|Friday, 15 February 2013 09:08 | Written by Joshua Smith|
Conyers siblings build legacy as word warriors
Check out a video of the Duncan sisters spelling a prehistoric favorite, here.
CONYERS—The Duncan family has a spelling addiction. On the way to school, on the way to practices, on the way home, they’re spelling. So, for 13-year-old Jazz Duncan, winning the Rockdale County Spelling Bee on Feb. 7—her third year in a row—was no pressure, just another day in their world.
“This is what we like to do. We’re often calling out random words to each other. Our whole family stays on the hunt to test each other,” said Jazz, whose 15-year-old brother, Jaire, and 10-year-old sister, Zora, are spelling bee champs in their own right.
With Jazz Duncan’s recent win, a sibling from the Duncan family has won the Rockdale County bee trophy for six years running now.
Jaire, now in 10th grade at Rockdale Magnet School for Science and Technology, was the first spelling champ in his family. He won the county spelling bee three years in a row when he attended Memorial Middle School. Jazz, an 8th grader at Memorial Middle School, followed in her older brother’s footsteps, also winning three years consecutively. And young Zora, a sixth grader at Memorial Middle School, followed in Jazz’s footsteps. Last year, Zora placed second at the county’s Spelling Bee. She’s looking forward to Jazz going off to high school next year with the hopes of replacing her as the new champ. Jazz’s entrance into high school will mean the two sisters will no longer have to slug it out at the middle school with one another.
“We both push each other to stay on top. We think of different words randomly and have fun with it,” said Zora. “Sometimes, we make each other nervous at competitions because we both know the other one can spell so well.”
Heather Duncan often coaches her children. She says they are so successful in competing because they don’t just try to cram words in for memorization but rather make the words a part of everyday life.
“With school work being first and then other activities like dance, we spell whenever and wherever we get the chance to,” said Heather Duncan.
The sisters don’t just spell. They compete in reading bowls, play soccer and are avid dancers, with moves in the styles of ballet, tap, modern and of course, jazz, the form of music that the older Duncan sister was named after. The two girls enjoy playing the piano and just having fun together as sisters when they are not spelling.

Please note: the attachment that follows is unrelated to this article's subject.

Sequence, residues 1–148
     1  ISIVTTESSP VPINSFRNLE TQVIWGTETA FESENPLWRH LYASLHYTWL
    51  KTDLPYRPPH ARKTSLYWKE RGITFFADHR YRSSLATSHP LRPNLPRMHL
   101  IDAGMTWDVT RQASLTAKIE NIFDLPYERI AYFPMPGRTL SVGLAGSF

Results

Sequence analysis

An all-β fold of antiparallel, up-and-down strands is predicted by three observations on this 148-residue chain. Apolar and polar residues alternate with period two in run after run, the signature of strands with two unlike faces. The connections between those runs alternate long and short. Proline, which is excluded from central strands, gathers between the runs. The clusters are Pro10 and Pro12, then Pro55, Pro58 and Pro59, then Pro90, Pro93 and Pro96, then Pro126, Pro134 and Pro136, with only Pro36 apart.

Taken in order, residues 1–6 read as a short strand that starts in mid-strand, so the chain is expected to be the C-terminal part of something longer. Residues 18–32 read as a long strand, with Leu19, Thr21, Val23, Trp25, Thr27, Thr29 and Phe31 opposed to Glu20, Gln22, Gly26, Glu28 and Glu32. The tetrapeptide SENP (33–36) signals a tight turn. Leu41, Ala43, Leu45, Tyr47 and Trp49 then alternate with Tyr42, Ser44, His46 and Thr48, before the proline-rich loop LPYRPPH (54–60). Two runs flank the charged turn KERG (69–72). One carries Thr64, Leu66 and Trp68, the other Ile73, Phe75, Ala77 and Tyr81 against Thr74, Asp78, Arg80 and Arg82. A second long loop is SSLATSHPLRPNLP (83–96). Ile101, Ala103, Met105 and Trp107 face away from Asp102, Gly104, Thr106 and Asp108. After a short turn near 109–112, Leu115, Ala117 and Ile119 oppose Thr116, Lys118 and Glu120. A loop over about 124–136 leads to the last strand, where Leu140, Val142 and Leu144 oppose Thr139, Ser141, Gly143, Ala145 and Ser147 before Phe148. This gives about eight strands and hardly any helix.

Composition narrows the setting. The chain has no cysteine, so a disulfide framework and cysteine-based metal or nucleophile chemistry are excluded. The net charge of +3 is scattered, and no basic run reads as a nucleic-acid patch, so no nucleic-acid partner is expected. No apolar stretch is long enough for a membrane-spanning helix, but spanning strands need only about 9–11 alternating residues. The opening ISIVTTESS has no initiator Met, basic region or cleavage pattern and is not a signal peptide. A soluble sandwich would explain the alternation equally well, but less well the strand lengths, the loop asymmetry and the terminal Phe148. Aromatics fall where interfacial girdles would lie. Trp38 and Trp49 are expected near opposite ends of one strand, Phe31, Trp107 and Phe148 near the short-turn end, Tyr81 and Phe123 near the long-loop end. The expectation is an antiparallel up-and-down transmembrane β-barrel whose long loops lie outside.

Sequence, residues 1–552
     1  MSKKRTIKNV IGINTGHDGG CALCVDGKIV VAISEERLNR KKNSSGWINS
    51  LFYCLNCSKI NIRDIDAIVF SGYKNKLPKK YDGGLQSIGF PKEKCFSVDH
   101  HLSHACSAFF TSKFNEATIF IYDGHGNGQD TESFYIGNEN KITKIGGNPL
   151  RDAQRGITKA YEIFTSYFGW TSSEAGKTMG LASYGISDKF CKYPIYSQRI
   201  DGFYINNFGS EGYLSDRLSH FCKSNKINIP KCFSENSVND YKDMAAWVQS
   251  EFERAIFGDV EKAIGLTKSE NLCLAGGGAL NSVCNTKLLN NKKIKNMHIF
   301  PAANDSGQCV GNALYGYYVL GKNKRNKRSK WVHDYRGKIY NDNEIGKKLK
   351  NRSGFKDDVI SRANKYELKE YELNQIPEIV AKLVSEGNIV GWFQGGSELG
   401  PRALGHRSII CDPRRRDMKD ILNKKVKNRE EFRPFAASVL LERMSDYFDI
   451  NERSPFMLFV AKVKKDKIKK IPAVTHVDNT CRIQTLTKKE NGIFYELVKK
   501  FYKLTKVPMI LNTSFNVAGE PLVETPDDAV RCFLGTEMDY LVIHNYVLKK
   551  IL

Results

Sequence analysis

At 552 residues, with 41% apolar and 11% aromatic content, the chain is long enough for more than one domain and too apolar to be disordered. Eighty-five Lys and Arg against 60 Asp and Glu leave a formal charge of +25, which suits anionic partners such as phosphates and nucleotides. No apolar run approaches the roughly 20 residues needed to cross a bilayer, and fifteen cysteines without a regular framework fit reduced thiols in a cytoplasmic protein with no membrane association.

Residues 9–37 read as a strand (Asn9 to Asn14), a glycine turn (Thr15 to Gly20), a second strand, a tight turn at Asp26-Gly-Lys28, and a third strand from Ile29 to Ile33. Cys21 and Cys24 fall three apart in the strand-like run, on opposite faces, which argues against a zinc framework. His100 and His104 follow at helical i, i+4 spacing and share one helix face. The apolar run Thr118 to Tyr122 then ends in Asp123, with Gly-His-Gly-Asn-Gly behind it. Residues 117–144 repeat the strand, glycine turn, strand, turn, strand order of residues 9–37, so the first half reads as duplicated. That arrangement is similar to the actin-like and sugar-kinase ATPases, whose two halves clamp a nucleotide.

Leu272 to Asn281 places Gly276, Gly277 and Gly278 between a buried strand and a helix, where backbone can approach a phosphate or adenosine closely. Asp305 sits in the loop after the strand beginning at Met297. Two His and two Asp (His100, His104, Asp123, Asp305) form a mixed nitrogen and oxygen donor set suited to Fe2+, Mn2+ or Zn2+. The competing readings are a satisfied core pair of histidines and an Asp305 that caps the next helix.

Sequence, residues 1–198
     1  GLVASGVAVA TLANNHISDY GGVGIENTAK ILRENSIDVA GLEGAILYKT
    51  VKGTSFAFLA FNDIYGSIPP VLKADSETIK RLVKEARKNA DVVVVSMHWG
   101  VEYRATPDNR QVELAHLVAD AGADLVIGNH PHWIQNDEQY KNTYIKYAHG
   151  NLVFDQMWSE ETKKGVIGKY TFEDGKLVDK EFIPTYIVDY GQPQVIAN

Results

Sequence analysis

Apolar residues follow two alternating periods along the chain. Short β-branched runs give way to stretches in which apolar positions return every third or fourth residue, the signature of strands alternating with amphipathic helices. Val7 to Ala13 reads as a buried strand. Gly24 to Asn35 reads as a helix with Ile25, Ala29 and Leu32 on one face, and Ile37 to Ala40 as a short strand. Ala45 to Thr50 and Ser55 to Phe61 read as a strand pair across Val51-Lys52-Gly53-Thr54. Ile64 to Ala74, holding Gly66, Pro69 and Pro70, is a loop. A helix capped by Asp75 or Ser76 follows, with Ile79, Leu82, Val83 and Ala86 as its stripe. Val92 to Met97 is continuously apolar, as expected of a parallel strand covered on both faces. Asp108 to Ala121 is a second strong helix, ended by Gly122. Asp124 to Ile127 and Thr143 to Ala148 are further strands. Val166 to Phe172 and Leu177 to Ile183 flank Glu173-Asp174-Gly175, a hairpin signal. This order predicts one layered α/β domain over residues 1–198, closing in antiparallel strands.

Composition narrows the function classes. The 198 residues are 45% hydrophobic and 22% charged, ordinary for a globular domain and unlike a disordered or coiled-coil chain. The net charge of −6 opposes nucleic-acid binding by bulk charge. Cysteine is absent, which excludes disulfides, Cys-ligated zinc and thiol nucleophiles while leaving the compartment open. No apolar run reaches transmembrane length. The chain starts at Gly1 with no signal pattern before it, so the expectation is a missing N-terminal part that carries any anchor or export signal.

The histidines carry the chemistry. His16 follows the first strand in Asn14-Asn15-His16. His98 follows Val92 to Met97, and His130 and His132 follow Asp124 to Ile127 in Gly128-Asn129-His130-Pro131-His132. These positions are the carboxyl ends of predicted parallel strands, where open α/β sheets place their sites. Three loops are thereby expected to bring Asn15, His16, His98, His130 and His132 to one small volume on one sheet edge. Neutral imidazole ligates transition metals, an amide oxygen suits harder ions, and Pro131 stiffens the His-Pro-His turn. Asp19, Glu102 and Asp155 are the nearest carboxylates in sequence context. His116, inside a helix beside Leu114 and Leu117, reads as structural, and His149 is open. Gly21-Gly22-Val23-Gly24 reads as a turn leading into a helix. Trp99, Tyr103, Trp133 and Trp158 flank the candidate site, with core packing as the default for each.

The victories don’t always come easy, even if the word is spelled right.
“My husband, David, and I have had to protest on the County and State level with certain words and procedures. We keep the rules and regulations with us to make sure,” said Heather Duncan, who admits that oftentimes when her children compete, they’re among the few African Americans participating. “The higher up you go in competition, yes, you do see fewer and fewer African American students.”
But Heather Duncan says she believes it’s not because African Americans are not talented in that arena. Excelling in sports is just pushed more, she said.
“We have great minds in the African American community. We just need to showcase them for the brilliant minds they are,” said Heather Duncan.
In addition to the county’s spelling bees, Jaire and Jazz have also won the National Beta Society’s state spelling competition in past years.
The family’s focus is now directed on Jazz’s next competition: She competes on Feb. 23 at the Regional Bee at Mundy’s Middle School in Jonesboro. Jazz is currently the reigning two-time champion for the regional competition. If she wins, she will be the three-time champion for both the County and Regional Bee.
The winner of the Regional Bee will go on to spell against the best in Georgia at the State Spelling Bee on March 15, at Georgia State University in Atlanta. Jazz has placed in the top five before. Jazz has never won the state title but she is motivated to do just that.
“I would love to see the Capitol and compete in Washington, D.C.,” said Jazz Duncan.